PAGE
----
10 Blanco, Guerrero & Caballero and affective aspects are essential elements in the development of teaching as a profession. We believe that gaining the capacity to solve mathematics problems should be an achievable goal in an educational environment in which students are allowed to generate their own PS strategies and compare them with other alternatives. In particular, we believe that the way in which PS is approached is highly personal. Each student will have to be helped to discover their own particular style their own capabilities and limitations. We must avoid conveying to our students only heuristic rules or methods, but instead be sure to help them develop positive attitudes and emotions towards MPS based on their own past and present experiences. Objective of the research project In our research study, we set ourselves the following general objective: to design, develop, and evaluate an intervention program to enhance the performance of PPTs in MPS, and to lay the foundations for them to learn to teach MPS at the primary school level, integrating in a single model cognitive aspects of PS and emotional education (Annex 1). Additionally, we set different specific objectives relating to the study population, two of which were: To describe the participating prospective teachers' conceptions about MPS. To describe and analyse their attitudes, beliefs, and emotions related to MPS, and in particular their expectations of control.

11 TME, vol10, nos.1&2, p.345 In addition, two specific objectives relating to the teacher education program were pursued: To evaluate the development of the program with respect to the PPTs' levels of anxiety. To describe the aspects of the program which they found to be most significant. During the academic year, we conducted a pilot study that served to finetune the program. We performed the actual field-work during Data collection and analysis The nature of the research problem and the data collection led us to use a combination of qualitative and quantitative methods to relate, compare, and contrast the different types of evidence. The implementation of the program followed an action research approach since the ultimate goal is to help the participants develop their thinking, modify their attitudes, and seek ways to overcome their difficulties in MPS. Annex I presents the plan of the 13 sessions comprising the program, specifying the objectives of each session, the instruments used to obtain information (open and closed questionnaires, diaries, and forums), the nature of the data, and the corresponding type of analysis. The participants in the program were a core group of 55 PPTs in the Education Faculty of the University of Extremadura (Spain) in the third year of their course. All the program sessions lasted two hours, and were audio and video recorded, accompanied by field notes. The Moodle Virtual Platform was used as support for the program's documents, information, and forums, as also is indicated in Annex I.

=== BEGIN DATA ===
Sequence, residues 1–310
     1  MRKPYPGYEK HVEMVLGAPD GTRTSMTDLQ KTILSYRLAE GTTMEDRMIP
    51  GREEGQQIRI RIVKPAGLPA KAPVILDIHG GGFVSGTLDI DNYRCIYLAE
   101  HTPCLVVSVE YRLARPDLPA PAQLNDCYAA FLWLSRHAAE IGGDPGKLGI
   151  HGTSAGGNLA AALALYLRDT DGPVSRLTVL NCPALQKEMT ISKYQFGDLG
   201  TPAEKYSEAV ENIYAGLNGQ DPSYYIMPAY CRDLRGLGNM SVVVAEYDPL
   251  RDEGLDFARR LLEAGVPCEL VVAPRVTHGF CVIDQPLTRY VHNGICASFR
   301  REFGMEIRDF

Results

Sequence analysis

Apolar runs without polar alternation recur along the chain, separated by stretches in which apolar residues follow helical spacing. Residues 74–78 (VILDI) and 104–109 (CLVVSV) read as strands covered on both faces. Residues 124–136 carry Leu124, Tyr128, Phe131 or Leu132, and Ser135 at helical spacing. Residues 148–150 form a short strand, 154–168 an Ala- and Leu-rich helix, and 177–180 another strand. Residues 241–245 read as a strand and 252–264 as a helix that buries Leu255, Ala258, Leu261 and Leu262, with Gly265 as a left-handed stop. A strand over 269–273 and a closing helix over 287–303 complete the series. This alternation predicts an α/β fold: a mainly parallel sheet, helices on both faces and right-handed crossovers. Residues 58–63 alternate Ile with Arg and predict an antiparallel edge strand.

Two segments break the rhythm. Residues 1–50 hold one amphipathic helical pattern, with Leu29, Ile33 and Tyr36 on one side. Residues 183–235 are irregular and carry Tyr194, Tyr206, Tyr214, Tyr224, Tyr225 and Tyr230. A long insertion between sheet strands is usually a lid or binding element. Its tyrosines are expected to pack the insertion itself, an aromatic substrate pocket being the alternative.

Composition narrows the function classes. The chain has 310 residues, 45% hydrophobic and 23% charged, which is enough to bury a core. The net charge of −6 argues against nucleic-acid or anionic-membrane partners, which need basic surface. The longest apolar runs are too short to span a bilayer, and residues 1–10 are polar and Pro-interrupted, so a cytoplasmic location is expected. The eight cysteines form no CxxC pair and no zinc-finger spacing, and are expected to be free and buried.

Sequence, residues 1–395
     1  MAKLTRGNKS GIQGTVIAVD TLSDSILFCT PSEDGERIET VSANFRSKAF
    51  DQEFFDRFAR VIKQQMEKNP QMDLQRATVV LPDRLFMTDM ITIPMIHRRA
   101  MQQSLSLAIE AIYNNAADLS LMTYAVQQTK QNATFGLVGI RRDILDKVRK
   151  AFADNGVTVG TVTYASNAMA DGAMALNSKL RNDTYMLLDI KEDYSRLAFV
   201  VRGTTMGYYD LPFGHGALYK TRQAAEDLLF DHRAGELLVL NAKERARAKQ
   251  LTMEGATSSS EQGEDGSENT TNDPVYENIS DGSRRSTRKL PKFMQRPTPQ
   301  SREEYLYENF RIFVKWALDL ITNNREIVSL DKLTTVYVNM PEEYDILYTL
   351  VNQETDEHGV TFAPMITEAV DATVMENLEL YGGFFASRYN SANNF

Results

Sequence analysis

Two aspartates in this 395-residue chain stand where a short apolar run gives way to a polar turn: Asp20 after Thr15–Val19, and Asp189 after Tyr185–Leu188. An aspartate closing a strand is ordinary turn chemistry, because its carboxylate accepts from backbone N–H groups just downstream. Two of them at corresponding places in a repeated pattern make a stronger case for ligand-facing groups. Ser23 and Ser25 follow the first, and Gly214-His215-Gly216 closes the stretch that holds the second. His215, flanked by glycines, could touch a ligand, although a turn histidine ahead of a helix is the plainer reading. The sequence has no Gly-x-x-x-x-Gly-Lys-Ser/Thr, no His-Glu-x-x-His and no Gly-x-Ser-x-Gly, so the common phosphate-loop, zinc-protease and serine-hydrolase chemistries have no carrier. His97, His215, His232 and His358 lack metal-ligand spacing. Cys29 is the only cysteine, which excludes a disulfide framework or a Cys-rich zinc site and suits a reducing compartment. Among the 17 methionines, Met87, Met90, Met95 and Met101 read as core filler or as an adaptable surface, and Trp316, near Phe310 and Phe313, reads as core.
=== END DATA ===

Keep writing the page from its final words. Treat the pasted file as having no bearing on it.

12 Blanco, Guerrero & Caballero Apart from the open and closed questionnaires specifically indicated in Annex I, the following research tools were employed: Observation of the behaviour in the classroom of both teacher and students, video recorded with two cameras, with subsequent transcription and analysis. The Moodle platform (Universidad de Extremadura) is a useful tool for the presentation of information and communication. It allows information to be stored for later analysis (both qualitative and quantitative), with the date and time and the subject contributing the information being reliably logged. It allows one to evaluate the participation, and to see whether the students have attained specific learning objectives, providing feedback as well as motivation to the students. A reference to the use of this platform in the present research can be found in Caballero, Blanco & Guerrero (2010). Diaries (Nichols, Tippins & Wieseman, 1997), kept on the Moodle virtual platform. These allow the collection of observations, sensations, reactions, interpretations, anecdotes, introspective remarks about feelings, attitudes, motives, conclusions, etc. A forum, also via the Moodle virtual platform, on some of the specific content or situations arising in class. For the data analysis, we used the program packages SPSS for the quantitative analysis of the questionnaires that we are given in Annex I. For the qualitative analysis, we followed the recommendations of Goetz & LeCompte (1984) and Wittrock (1986), establishing a process similar to that described in Barrantes & Blanco (2006) based on units of analysis (Goetz & LeCompte, 1984) and the categories noted in the instruments.

13 TME, vol10, nos.1&2, p.347 Analysis of Results and Discussion The breadth of the research study and the characteristics of this present communication only allow us to present some partial results. In particular, we shall refer to some of the results on the PPTs' conceptions about PS, on certain aspects related to the affective domain, particularly those concerning the students' expectations of control, and on some general aspects of the program's evaluation. What do the prospective teachers understand by a mathematics problem? Our analysis of the questionnaires showed the prospective teachers to hold very traditional conceptions about mathematics problems. Thus, they referred to them as closed statements which explicitly or implicitly indicate the procedure to follow for their solution. The responses to the items of the questionnaire on "What do I understand by a mathematics problem?" (Annex II) reflect the classifications noted by some authors in the literature. In this sense, their formulation of a problem is in the form of a text which gives all the information to be resolved, which Borasi (1986, p.135) calls a "word problem"; and the method of solution explicitly or implicitly suggested in the text involves a translation of the words of the problem to a mathematical expression, which Charles & Lester (1982, p.6) call a "simple or complex translation problem"; and the solution of this expression involves using a known algorithm, which Butts (1980, p.24) refers to as an "application problem". The basic referents of their problems are arithmetic operations, algebraic algorithms, or, to a lesser extent, calculations of areas. It was interesting to note that the contexts they describe are those that have been traditional in mathematics textbook problems since the late nineteenth century. Thus, in both years of the study, there are